The price Signal pays for this convenience is steep: Signal seems to synchronize your entire address book to their servers so they can keep a map of cell phone numbers to signal users. It's not only creepy (I get a text message everytime someone in my address book joins Signal) but it's flies in the face of expectations for a privacy-minded application.

How could we take advantage of this feature, without the privacy problems?

What if...

  • Our app could send both XMPP messages and SMS messages
  • Everytime you added a new XMPP contact, it added the contact to your address book with a new XMPP field
  • Anytime you send a message to a contact with an XMPP field filled in, it would send via XMPP and otherwise it would send a normal SMS message

The main downside (which Signal faces as well) is that you have to contend with the complexities of sending SMS messages on top of the work needed to write a well-functioning XMPP client. As I mentioned in my Signal blog, there are no shortage of MMS bugs against Signal. Nobody wants that head-ache.

Additinally, we would still lose one Signal feature: with Signal, when a user joins, everyone automatically sends them encrypted messages. With this proposed app, each user would have to manually add the XMPP address and have no way of knowing when one of their friends gets an XMPP address.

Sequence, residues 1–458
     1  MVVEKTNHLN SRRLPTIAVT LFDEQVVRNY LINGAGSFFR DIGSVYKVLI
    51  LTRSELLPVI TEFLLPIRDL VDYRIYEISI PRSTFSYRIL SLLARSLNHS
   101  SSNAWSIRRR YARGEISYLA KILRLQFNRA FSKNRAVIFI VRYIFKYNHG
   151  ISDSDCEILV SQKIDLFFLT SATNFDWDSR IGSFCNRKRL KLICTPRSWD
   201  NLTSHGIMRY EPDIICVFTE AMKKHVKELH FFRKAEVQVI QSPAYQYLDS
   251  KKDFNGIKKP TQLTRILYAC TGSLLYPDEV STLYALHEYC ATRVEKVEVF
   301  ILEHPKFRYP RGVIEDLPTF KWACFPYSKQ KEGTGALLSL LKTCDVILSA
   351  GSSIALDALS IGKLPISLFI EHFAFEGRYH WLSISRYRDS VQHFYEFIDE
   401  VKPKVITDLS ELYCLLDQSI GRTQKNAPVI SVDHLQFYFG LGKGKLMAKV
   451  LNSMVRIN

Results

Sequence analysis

Any other ideas?

The on-boarding will always be easier in a centralized system. No questions about it.

It is fair to assume that it will always be undesirable to XMPP users to upload their cell phone number to a central server for instance. If that's fine with someone they can just use Signal. However there are ideas floating around to make the on-boarding easier. If you want some reading material there are discussions here and here. (Please keep in mind that this is all work in progress.) None of the ideas are final. The end goal is something like this: You send some a link like and the rest happens automatically. The invitee clicks the link, is being told to install an XMPP client, clicks the link again that automatically opens the XMPP client and creates a contact for them.